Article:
“When people were standing on the street clapping for NHS workers, I thought, ‘A year and a half ago, they were talking about Brexit and how these immigrants have come into our country and want to take our jobs,’” said Dr Hisham el-Khidir, whose cousin Dr Adil el-Tayar, a transplant surgeon, died on 25 March from the coronavirus in western London.

Indian-origin doctors in the UK have begun putting in place processes to conduct in-depth research into the role of ethnicity in greater susceptibility of some patients of South Asian origin to develop more severe symptoms of the novel coronavirus and die of the disease. “We have a team of researchers on this because it is important to analyse the factors behind these differentiating factors so that communities can put additional preventive measures in place,” said Dr Ramesh Mehta, the president of the British Association of Physicians of Indian Origin (BAPIO), the main representative group for Indian doctors in the UK in a Livemint report.

BAPIO has written to the Chief Medical Officer of England, Professor Chris Whitty, and medical director of NHS England Stephen Powis, week requesting all the official data available on COVID-19 hospital admissions for its research. “The most recent ICNARC data of UK intensive care unit attendance is some of the first signals of the concern that COVID-19 has a more severe (lethal) phenotype in BAME groups, with more than 25% being Black or Asian, and more than a third being non-Caucasian,” notes the letter. It adds: “We need a better understanding of the issues of BAME mortality in the context of the general population, particularly if it helps us manage sick and vulnerable groups, and so that we can be accurate in our messaging.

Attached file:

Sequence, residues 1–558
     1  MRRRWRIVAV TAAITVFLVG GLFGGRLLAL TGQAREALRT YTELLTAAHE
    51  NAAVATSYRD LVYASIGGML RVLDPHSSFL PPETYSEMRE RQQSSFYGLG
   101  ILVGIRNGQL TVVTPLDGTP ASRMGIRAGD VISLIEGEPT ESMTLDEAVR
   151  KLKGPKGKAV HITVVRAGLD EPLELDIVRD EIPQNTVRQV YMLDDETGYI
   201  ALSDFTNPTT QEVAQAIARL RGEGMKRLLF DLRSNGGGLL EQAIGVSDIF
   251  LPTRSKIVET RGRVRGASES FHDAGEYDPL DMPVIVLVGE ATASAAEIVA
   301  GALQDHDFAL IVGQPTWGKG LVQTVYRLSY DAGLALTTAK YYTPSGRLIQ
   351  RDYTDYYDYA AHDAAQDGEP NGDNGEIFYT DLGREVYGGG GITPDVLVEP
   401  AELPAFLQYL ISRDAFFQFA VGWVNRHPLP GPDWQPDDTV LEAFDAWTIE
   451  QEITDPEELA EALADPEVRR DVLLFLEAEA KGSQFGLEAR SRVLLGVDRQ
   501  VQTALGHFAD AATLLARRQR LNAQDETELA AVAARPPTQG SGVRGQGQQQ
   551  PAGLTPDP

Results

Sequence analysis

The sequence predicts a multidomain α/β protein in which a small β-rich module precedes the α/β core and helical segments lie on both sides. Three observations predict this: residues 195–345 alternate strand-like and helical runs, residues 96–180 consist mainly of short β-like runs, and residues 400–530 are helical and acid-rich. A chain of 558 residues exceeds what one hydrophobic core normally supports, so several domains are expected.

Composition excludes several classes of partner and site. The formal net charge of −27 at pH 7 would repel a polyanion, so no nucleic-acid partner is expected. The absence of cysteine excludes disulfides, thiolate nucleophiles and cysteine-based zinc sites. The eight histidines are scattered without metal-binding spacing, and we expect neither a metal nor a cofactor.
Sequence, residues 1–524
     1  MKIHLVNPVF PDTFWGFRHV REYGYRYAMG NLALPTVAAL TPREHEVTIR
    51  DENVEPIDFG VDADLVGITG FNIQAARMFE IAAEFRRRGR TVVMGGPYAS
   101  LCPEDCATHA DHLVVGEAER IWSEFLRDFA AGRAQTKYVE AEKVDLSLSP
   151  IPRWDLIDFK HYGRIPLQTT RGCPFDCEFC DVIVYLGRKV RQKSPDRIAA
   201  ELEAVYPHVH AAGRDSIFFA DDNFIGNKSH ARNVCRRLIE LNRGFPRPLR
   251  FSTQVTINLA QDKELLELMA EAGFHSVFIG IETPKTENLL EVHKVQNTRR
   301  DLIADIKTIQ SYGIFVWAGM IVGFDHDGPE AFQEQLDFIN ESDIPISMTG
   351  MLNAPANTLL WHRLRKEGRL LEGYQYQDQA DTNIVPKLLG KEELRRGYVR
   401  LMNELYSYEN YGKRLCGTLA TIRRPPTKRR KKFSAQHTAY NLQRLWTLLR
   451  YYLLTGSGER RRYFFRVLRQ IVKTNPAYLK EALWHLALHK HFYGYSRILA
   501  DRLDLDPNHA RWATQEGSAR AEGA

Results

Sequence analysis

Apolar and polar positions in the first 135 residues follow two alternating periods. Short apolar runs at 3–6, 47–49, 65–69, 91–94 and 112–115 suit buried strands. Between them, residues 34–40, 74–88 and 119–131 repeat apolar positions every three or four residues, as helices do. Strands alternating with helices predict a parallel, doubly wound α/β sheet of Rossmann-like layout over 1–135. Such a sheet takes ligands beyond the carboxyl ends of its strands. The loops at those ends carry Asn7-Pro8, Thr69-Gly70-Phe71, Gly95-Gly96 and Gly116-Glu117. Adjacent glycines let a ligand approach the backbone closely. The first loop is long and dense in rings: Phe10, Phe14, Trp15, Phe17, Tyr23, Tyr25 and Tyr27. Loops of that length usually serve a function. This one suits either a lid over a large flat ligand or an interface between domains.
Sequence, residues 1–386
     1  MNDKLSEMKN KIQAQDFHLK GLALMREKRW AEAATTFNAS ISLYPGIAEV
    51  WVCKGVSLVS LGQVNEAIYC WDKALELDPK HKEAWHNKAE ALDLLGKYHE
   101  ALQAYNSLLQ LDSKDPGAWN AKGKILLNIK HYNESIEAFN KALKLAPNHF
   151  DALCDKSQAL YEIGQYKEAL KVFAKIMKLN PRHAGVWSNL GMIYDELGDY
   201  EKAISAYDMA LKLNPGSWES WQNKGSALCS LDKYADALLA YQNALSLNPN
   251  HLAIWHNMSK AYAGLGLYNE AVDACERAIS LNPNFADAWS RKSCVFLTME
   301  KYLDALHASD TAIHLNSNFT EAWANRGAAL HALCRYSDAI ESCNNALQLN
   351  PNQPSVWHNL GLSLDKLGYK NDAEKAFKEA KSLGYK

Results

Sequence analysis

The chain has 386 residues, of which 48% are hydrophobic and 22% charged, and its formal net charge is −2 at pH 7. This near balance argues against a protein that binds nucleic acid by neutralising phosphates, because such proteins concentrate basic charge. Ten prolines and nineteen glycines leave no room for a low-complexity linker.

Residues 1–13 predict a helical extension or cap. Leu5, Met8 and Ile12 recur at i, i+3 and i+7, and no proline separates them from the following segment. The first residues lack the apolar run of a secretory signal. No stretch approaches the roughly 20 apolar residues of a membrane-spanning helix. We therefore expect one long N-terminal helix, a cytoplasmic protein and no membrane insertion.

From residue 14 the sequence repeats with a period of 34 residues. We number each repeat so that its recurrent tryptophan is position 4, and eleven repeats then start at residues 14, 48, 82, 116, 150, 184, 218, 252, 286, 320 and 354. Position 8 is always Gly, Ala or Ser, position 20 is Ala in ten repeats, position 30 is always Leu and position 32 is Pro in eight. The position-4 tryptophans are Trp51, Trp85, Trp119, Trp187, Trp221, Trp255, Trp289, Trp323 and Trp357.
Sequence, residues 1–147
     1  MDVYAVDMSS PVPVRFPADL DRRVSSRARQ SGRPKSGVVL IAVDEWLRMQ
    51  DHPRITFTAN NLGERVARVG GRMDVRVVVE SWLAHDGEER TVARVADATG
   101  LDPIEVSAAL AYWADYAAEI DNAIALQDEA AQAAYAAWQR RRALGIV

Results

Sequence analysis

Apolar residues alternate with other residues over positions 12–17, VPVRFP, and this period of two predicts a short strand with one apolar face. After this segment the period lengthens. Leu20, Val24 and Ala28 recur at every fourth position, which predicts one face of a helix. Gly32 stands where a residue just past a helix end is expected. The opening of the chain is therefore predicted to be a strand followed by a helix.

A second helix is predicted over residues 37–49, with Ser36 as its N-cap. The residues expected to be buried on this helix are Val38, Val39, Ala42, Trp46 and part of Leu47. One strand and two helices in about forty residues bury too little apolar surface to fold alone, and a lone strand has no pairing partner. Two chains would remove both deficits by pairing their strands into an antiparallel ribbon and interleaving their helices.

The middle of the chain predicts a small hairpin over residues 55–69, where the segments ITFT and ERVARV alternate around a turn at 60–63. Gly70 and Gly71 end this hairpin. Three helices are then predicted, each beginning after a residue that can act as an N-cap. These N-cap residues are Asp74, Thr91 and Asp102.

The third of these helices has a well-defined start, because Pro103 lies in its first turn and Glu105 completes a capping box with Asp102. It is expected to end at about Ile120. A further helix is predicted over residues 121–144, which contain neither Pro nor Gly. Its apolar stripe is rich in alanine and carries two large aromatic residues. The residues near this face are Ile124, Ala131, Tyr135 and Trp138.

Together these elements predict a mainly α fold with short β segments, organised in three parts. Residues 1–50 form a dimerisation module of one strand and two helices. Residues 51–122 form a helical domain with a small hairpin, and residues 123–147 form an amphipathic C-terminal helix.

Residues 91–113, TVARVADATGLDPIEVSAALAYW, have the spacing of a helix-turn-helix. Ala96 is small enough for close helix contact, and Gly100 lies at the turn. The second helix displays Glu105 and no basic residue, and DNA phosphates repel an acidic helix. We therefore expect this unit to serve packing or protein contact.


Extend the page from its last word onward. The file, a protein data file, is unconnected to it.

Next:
“We are therefore asking that the data for COVID cases, and most certainly those who have died as a result of the illness, incorporates ethnicity and profession, as well as the usual demographic data.”

The report says the concern around the limited data available so far is also linked to hundreds of Indian-origin retired doctors answering the NHS call to arms for them to return to the hospital frontlines to assist during the mounting workload as a result of the pandemic.

Professor Parag Singhal, one of the doctors on the NHS frontlines said: “BAME doctors should discuss their underlying health issues with their employers to assess the risk.”

“Just as there is uncertainty about future predictions for the population, we don’t fully understand the COVID-19 related impact on the workforce, and their safety is paramount,” notes BAPIO in its letter, a copy of which has also been sent to NHS England and Public Health England.

In the US, meanwhile, a Washington Post analysis of early data from jurisdictions across the country found that the novel coronavirus appears to be affecting – and killing – back Americans at a disproportionately high rate compared to white Americans.

Majority black counties have three times the rate of infections and nearly six times the rate of deaths as majority white counties, according to the analysis. But based on what we know about the inequities in many black communities, the report says it does make sense. The report says some of the main causes why COVID-19 is apparently killing black Americans at a faster rate than other groups area:

  1. Higher rates of underlying health conditions, and less access to care
  2. Black Americans hold a lot of ‘essential’ jobs
    Black people are more likely to work in jobs that put workers in close contact with others who might be in poor health and that make engaging in social distancing more difficult.
  3. Insufficient information – Keneshia Grant, a political science professor at Howard University, focuses on black voters’ relationships with state and local governments. She says poor information from government leaders has shaped black people’s experience with the coronavirus.